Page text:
Parasite evolution

Parasite evolution refers to the heritable genetic changes that a parasite accumulates during its life time, which can arise from adaptations in response to environmental changes or the immune response of the host. Because of their short generation times and large population sizes, parasites can evolve rapidly.

Latest Research and Reviews

News and Comment

  • Research Highlights |

    Two new studies in Science survey diversity in malarial Plasmodium species, assessing genetic diversity across Africa, as well as transcriptomic diversity through the pathogen life cycle.

    • Darren J. Burgess
  • News and Views |

    Comparative genomics of all known Laverania species that infect African great apes reveals interspecies gene transfer and convergent evolution, and identifies features of Plasmodium falciparum, the only human-infective species within this subgenus, that may have led to its speciation and spread globally.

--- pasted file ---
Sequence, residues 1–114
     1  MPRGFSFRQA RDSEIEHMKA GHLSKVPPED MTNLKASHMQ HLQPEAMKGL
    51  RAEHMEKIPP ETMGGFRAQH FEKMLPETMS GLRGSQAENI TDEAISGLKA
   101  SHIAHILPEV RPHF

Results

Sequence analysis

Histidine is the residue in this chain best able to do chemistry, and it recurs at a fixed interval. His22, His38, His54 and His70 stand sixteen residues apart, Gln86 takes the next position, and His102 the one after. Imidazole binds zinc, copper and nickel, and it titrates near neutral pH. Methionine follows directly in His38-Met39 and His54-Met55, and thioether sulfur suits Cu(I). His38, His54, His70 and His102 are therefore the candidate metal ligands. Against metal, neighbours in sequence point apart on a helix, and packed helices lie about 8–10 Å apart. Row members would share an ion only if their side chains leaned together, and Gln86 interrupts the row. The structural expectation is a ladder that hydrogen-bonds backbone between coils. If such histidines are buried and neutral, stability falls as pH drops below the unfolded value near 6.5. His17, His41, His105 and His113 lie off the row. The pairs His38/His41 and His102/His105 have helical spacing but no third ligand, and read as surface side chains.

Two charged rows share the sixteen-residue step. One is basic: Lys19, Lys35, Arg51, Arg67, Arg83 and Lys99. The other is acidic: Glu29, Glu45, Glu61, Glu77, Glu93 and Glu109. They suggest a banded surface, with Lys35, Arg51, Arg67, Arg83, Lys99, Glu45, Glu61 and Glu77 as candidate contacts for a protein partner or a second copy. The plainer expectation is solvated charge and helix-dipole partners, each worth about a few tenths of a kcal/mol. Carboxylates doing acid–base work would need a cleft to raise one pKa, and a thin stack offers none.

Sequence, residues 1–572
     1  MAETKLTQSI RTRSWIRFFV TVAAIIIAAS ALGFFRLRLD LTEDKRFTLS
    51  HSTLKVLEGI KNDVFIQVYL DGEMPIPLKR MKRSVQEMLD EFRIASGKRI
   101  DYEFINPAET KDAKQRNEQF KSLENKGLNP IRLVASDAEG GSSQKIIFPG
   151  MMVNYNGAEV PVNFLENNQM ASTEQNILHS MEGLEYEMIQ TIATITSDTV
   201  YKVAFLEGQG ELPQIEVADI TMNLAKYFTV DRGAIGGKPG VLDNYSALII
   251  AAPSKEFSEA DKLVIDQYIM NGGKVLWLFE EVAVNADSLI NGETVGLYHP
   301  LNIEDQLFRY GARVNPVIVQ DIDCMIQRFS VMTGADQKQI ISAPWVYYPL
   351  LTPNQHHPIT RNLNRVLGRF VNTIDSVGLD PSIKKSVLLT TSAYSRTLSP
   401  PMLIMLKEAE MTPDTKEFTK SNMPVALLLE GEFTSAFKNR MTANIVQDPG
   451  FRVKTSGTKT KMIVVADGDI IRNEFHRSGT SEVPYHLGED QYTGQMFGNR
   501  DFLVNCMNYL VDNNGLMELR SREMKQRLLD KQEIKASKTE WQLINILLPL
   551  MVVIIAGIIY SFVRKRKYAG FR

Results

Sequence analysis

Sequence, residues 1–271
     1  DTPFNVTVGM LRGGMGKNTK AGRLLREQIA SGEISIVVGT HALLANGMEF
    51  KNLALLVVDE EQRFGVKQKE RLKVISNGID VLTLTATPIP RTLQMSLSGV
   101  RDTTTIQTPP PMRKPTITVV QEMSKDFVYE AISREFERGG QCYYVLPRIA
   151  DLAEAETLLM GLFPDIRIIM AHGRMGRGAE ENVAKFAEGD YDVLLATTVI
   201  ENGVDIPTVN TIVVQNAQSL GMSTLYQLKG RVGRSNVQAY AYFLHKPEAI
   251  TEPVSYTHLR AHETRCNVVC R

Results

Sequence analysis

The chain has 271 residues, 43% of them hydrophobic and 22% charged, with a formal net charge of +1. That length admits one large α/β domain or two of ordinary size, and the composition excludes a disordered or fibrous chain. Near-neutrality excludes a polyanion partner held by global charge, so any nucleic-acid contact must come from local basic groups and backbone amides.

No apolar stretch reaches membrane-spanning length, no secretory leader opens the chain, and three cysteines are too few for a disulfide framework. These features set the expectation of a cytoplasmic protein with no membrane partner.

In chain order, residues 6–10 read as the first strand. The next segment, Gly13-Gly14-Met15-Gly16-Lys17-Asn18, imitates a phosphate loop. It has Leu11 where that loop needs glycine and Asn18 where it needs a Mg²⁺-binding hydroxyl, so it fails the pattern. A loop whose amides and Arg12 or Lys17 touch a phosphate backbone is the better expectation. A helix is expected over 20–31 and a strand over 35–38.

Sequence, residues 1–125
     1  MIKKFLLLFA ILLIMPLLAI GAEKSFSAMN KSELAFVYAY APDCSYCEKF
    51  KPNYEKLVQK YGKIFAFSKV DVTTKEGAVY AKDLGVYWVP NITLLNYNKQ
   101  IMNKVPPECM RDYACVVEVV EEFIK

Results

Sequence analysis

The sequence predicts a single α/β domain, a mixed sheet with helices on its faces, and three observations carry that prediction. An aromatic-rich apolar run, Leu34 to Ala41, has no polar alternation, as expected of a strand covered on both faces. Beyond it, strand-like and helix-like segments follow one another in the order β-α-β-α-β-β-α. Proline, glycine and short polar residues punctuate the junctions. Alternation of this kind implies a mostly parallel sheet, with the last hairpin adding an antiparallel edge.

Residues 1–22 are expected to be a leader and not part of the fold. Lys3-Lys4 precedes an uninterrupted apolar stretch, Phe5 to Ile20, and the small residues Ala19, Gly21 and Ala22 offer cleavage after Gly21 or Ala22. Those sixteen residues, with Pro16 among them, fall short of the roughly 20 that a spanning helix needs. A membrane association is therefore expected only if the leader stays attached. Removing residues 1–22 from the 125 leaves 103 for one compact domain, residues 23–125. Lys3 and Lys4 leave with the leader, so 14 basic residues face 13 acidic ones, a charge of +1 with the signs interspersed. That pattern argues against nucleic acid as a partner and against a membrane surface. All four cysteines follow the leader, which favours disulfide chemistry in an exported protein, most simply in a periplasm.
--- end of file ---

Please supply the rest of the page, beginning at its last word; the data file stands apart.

• Jane M. Carlton
    Nature Microbiology 3, 642-643
  • News |

    This month's Genome Watch explores howin vitro directed evolution can be used to identify the target of a drug for the treatment of Chagas disease, which is caused by Trypanosoma cruzi.

    • Alena Pance